Detection of non-targeted transgenes by whole-genome resequencing for gene-doping control / Teruaki Tozaki, Aoi Ohnuma, Masaki Takasu, Kotono Nakamura, Mio Kikuchi, Taichiro Ishige, Hironaga Kakoi, Kei-Ichi Hirora, Norihisa Tamura, Kanichi Kusano, Shun-Ichi Nagata. - (Gene Therapy (2020) 7 August)
- PMID: 32770095
- DOI: 10.1038/s41434-020-00185-y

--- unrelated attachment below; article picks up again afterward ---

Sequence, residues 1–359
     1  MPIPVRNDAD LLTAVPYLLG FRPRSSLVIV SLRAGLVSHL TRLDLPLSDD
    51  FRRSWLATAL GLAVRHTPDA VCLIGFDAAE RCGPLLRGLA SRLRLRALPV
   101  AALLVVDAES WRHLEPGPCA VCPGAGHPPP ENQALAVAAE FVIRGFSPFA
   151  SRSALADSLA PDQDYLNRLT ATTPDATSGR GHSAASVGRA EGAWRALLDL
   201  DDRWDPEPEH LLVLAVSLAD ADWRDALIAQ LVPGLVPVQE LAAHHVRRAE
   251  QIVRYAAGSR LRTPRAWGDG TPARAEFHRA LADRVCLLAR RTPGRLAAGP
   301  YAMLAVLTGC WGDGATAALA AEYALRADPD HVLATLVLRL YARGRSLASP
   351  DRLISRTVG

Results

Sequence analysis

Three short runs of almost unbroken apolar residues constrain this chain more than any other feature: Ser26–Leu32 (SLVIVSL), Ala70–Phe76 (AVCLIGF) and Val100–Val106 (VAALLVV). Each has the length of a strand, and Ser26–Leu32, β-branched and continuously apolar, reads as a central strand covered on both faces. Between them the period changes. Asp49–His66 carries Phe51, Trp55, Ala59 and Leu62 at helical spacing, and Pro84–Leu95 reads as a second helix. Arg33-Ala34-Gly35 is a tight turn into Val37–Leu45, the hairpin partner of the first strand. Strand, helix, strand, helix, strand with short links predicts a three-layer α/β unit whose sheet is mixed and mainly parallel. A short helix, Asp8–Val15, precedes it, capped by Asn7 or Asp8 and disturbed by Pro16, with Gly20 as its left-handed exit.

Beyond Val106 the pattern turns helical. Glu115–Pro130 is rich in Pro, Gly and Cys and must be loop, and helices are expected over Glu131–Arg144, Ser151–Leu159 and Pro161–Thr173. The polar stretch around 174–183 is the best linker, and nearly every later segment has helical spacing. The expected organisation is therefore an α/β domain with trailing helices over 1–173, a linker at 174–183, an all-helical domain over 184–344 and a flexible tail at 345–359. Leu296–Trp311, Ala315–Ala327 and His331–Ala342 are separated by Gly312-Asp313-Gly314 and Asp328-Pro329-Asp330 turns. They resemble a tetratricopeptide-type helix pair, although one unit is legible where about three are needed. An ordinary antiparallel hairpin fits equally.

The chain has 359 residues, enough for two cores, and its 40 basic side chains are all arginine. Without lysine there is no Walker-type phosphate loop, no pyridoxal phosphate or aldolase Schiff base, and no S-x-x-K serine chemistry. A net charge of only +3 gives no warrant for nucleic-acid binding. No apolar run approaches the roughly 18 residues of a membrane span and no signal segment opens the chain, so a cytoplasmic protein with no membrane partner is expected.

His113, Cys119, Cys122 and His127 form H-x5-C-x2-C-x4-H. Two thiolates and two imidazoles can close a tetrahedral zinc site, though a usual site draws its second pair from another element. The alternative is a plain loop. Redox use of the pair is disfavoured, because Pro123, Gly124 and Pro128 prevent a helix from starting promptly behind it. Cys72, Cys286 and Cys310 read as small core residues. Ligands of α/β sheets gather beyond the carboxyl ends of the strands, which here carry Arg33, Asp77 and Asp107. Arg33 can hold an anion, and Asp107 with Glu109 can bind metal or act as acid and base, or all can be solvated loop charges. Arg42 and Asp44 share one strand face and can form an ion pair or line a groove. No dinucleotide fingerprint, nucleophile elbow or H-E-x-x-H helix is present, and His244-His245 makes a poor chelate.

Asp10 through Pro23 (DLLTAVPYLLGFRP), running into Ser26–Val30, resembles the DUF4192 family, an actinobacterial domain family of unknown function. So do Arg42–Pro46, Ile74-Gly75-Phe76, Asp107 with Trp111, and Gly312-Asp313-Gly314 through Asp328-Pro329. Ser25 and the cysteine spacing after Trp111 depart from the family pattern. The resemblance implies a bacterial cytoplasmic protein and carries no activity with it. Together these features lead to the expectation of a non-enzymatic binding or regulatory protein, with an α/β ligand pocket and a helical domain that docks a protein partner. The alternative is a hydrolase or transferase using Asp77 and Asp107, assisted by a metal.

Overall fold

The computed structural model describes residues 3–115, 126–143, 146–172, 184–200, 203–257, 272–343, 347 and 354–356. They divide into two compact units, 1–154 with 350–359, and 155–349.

Gene doping has raised concerns in human and equestrian sports and the horseracing industry. There are two possible types of gene doping in the sports and racing industry: (1) administration of a gene-doping substance to postnatal animals and (2) generation of genetically engineered animals by modifying eggs. In this study, we aimed to identify genetically engineered animals by whole-genome resequencing (WGR) for gene-doping control. Transgenic cell lines, in which the erythropoietin gene (EPO) cDNA form was inserted into the genome of horse fibroblasts, were constructed as a model of genetically modified horse. Genome-wide screening of non-targeted transgenes was performed to find structural variation using DELLY based on split-read and paired-end algorithms and Control-FREEC based on read-depth algorithm. We detected the EPO transgene as an intron deletion in the WGR data by the split-read algorithm of DELLY. In addition, single-nucleotide polymorphisms and insertions/deletions artificially introduced in the EPO transgene were identified by WGR. Therefore, genome-wide screening using WGR can contribute to gene-doping control even if the targets are unknown. This is the first study to detect transgenes as intron deletions for gene-doping detection.